Raumfahrt - Rocket Lab buys Sinclair Interplanetary satellite company



Rocket Lab has bought satellite company Sinclair Interplanetary to broaden its range of services.

Toronto-based Sinclair Interplanetary develops spacecraft hardware, including reaction wheels and star trackers that support rapid-schedule small satellite programs.

Rocket Lab said the purchase - for an undisclosed sum - strengthens its satellite division.

It makes Photon spacecraft and will enable Sinclair to tap into its resources, scale, manufacturing capability and innovative technology.

Some of the Sinclair hardware has included Rocket Lab-launched satellites from AstroDigital, ALE, and BlackSky.

Sinclair developed hardware for world-first missions: BRITE, the world's smallest space telescope; and The Planetary Society's LightSail 2, the first satellite in Earth orbit to be propelled solely by sunlight.

Satellite communications company, Kepler Communications, has also selected Sinclair reaction wheels for its constellation of 140 Internet of Things satellites currently in development.

Rocket Lab will look to leverage Sinclair Interplanetary's strong brand and track record.

Sinclair products will be key features of Rocket Lab's in-house designed and built Photon satellite platforms, and Rocket Lab will bring additional resources to grow Sinclair's already strong merchant spacecraft components business.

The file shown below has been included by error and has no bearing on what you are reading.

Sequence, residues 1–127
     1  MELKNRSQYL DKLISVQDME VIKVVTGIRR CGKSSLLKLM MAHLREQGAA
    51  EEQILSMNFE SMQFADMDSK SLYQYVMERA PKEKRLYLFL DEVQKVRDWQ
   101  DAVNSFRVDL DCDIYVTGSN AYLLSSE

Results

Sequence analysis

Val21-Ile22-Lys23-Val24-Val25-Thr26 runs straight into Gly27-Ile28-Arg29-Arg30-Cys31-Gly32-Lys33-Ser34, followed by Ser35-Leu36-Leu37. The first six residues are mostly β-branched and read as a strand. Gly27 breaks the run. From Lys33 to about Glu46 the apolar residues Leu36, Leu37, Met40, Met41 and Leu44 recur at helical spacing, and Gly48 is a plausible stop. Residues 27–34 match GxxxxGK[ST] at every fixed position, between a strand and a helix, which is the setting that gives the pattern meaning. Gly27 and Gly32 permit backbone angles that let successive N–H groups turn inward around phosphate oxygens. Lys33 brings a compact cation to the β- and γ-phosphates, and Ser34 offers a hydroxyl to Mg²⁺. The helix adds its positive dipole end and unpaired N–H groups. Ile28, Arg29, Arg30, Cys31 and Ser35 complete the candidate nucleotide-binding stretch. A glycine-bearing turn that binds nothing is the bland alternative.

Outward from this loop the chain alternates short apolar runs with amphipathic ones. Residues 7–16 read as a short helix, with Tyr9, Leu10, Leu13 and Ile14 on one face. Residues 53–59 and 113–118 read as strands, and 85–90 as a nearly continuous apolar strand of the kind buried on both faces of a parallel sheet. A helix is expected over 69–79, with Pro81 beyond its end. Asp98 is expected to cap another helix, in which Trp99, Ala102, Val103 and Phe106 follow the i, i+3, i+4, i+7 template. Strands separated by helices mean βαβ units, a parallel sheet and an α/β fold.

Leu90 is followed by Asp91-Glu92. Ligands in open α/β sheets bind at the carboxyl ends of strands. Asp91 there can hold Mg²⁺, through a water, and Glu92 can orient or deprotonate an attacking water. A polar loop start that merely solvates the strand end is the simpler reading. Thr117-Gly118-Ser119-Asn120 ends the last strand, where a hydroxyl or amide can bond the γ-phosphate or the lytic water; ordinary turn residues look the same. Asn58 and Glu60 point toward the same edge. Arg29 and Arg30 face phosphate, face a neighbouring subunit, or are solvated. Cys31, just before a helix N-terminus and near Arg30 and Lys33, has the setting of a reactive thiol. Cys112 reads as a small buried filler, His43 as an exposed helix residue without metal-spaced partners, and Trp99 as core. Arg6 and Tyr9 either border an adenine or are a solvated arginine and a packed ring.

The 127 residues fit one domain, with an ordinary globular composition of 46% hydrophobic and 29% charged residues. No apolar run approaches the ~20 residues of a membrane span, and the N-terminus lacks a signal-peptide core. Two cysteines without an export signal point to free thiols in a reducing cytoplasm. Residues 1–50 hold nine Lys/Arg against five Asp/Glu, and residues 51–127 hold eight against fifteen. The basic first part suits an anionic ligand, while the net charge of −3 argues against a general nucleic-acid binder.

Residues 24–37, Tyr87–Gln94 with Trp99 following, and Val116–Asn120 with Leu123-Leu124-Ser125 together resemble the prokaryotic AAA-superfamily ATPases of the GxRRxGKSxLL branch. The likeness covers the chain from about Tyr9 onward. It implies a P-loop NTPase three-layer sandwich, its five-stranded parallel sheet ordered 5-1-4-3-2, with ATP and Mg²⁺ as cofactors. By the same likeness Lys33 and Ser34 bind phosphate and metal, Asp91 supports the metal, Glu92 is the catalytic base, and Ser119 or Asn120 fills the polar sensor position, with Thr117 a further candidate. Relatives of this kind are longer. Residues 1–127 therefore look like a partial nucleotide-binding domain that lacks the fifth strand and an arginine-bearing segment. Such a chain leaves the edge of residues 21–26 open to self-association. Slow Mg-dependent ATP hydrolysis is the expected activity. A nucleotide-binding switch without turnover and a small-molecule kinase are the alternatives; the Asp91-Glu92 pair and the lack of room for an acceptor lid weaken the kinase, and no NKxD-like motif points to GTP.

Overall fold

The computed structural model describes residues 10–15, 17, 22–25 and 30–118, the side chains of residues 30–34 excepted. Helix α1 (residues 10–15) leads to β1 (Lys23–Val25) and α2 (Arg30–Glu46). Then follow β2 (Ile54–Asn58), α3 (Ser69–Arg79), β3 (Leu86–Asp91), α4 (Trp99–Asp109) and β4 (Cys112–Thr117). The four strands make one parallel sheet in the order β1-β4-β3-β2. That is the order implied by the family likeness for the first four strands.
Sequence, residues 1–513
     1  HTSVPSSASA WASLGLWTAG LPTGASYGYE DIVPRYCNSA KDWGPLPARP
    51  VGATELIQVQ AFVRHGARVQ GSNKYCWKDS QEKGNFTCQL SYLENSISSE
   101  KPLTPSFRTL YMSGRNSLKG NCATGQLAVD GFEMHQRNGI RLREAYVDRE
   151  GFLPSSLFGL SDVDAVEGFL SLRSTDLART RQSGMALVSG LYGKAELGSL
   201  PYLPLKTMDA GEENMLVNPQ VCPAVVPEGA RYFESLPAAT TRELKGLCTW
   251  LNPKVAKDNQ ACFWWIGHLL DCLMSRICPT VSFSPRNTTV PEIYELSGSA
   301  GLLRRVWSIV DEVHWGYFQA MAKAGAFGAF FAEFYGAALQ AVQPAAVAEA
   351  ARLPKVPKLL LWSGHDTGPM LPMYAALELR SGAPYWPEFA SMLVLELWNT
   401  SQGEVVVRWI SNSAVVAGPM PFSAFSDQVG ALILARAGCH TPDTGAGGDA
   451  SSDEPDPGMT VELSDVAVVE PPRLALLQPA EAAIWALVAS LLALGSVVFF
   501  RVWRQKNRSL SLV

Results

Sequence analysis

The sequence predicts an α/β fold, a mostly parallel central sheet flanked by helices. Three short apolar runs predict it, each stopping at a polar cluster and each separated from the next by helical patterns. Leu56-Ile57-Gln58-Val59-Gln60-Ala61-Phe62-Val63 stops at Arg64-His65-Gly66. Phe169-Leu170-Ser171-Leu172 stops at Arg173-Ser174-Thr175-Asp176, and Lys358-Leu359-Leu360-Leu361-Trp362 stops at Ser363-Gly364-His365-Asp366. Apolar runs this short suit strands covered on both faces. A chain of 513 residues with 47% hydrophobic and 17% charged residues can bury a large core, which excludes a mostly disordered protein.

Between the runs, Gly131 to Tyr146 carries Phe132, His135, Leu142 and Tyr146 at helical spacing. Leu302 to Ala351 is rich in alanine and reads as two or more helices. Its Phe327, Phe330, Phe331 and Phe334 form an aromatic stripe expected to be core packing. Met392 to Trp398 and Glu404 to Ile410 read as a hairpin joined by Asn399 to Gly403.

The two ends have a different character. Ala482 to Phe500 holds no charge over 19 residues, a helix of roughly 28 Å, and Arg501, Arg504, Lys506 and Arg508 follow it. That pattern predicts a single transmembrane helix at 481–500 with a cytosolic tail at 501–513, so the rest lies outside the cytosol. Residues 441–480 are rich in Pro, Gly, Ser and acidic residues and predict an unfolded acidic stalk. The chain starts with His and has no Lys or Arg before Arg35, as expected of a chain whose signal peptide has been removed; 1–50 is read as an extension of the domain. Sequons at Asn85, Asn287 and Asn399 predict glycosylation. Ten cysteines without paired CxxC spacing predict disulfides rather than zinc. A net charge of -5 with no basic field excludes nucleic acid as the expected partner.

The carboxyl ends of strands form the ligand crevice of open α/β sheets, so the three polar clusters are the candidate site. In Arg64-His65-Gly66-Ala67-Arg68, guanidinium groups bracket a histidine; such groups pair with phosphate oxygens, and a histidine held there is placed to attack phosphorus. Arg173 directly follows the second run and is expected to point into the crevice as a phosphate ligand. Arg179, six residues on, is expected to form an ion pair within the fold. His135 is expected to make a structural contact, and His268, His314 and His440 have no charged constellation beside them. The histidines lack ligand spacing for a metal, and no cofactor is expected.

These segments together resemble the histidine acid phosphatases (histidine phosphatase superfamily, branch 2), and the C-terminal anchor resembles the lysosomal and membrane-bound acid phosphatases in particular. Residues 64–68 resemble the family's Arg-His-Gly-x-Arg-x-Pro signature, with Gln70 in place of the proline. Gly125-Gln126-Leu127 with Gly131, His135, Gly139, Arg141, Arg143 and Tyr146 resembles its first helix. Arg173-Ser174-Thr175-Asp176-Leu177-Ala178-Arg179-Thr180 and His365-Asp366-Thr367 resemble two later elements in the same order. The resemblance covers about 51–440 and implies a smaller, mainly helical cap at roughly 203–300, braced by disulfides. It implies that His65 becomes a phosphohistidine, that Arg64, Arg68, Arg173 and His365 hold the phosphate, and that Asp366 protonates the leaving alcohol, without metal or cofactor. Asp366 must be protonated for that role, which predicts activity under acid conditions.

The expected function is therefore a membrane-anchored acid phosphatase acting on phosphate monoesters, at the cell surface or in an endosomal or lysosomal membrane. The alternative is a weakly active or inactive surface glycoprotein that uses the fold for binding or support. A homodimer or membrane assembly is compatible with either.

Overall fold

Rocket Lab founder and chief executive, Peter Beck, said that by combining the experience and capabilities of both companies, Rocket Lab will deliver reliable and flexible satellite and launch solutions that enable customers to do more, spend less and reach orbit faster.

Doug Sinclair founded his company in 2001 and said Rocket Lab had played a pivotal role in making it easy for small satellites to access space.

''By operating as one company, we now have the opportunity to do the same for satellite manufacturing and make our hardware available to more customers globally,'' he said.

'We will be able to supply larger constellations than before, and take our hardware out to the Moon and beyond.'

In terms of any coronavirus impact, a Rocket Lab spokeswoman said, "Like many other organisations, Rocket Lab is currently pausing international travel for our team in light of the Covid situation, however we do not expect this to impact our operations significantly. Launch is still on track for the end of this month."

Quelle: NZ Herald

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